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Stifel-Sterne Agee Union: The Next Raymond James?

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Is the wealth management firm of the future one that has both employee and independent advisors?

A profound example of that: Stifel is reportedly in talks to acquire Sterne Agee. If the deal were to occur, the resulting firm would strongly resemble one of its rivals -- Raymond James Financial.

Stifel, based in St. Louis, has approximately 2,100 advisors. Sterne Agee, based in Birmingham, Ala., has about 700 employee and independent advisors managing approximately $26 billion in total assets.

"I think we have to use that Raymond James model as a proxy for what is happening here," says Alois Pirker, research director at Aite Group. "Stifel has a great opportunity of becoming a runner up to what Raymond James is: Not quite a wirehouse, but bigger than a regional."

St. Petersburg, Fla.-based Raymond James, acquired regional broker-dealer Morgan Keegan three years ago and boosted its number of employee advisors. Raymond James, which has both independent and employee channels, had a total headcount of 6,300 as of Dec. 31.

Stifel has a small independent broker-dealer subsidiary, Century Securities Associates, which is comprised of almost 140 advisors.  Expanding its independent network may enable Stifel to keep pace with growth in that segment of the wealth management industry.  According to data from research firm Cerulli Associates, RIAs and dully registered channels are expected to increase marketshare from 20% of total industry assets in 2013 to 28% in 2018.

Read more: Stifel Said to Be in Talks to Buy Rival Brokerage Sterne Agee


Ronald Kruszewski, president and CEO of Stifel Financial, has been aggressively trying to expand his firm. He told On Wall Street in an interview late last year that his strategy for the firm since taking the helm has been to make Stifel a leader in the advice business.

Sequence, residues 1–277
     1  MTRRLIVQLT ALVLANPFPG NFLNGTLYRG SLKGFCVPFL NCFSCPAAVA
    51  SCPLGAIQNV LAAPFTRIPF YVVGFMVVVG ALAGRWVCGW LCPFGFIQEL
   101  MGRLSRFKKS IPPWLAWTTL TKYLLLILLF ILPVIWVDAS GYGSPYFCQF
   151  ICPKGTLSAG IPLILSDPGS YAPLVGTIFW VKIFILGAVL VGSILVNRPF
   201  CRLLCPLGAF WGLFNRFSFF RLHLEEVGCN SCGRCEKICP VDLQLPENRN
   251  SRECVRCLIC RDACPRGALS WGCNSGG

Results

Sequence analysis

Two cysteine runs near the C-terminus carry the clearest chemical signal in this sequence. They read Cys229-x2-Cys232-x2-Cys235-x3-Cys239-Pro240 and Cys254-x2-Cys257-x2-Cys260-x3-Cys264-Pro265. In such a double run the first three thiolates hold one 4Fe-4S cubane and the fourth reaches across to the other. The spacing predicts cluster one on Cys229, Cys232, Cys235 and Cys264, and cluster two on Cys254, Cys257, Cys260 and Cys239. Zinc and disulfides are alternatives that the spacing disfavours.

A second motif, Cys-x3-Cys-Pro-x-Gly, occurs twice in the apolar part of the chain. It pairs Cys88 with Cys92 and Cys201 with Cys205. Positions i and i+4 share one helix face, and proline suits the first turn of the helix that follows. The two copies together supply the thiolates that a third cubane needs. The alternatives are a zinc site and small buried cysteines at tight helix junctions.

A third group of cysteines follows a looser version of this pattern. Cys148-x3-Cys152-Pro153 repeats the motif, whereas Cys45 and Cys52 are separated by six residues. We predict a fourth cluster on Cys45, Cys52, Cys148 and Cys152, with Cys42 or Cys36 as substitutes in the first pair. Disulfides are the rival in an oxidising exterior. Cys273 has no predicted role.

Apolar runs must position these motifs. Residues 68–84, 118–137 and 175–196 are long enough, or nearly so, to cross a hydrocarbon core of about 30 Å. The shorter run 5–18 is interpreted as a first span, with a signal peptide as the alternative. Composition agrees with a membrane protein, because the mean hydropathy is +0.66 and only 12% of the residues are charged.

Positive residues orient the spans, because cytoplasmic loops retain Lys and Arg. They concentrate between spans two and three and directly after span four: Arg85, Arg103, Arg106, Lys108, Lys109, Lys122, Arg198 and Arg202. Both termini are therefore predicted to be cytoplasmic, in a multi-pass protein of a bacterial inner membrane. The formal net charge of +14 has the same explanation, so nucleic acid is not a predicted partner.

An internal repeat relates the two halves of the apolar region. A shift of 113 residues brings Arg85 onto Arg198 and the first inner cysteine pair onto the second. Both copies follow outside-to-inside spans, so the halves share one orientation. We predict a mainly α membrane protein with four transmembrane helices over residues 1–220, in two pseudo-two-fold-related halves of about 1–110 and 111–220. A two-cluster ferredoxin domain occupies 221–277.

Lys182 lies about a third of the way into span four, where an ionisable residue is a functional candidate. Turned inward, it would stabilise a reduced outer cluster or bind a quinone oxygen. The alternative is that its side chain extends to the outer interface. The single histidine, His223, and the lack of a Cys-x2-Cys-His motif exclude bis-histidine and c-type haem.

"That’s our goal, that’s our business plan. We want to provide advice to people and entities that need it. We recognize that advice is delivered through entrepreneurial, talented people," Kruszewski said.

"So I know that we will be successful if we go from 6,000 people today to 12,000, because those additional people will mean that we are serving that many more clients. If we take care of those two objectives — getting people to join our firm and serving clients — then our stock price will take care of itself."

Recruiters say that the two firms appear to be a good fit, but making the deal work will take effort.

"I think it's another good purchase for Stifel," says Bill Willis, president of Willis Consulting. "The big question is, 'Will they put together the right type of package to keep the people.'"

Howard Diamond, managing director at recruiting firm Diamond Consultants, notes that firms like Raymond James and Wells Fargo which offer both channels are attractive when recruiting new advisors, and also for retaining existing employee advisors who may want to move to the independent side of the business.

"It would be a good way to enhance retention," he says. "You can go between channels. It's a great offering. Instead of offering one flavor of ice cream, you're offering two or three."


According to Pirker consolidations like this may be necessary in an increasingly competitive marketplace for wealth management firms – particularly among mid-sized firms that want to scale up their business.

"You either have the appetite to make deals and grow through M&A and build a firm that is scalable and sizable enough to compete in the market, or it's going to get harder and harder," says Pirker.

Like Raymond James, Stifel may have more opportunities to expand its footprint through recruiting or additional acquisitions, Pirker explains. "So it could be one of more deals for Stifel going forward. I could see them do more deals as well."

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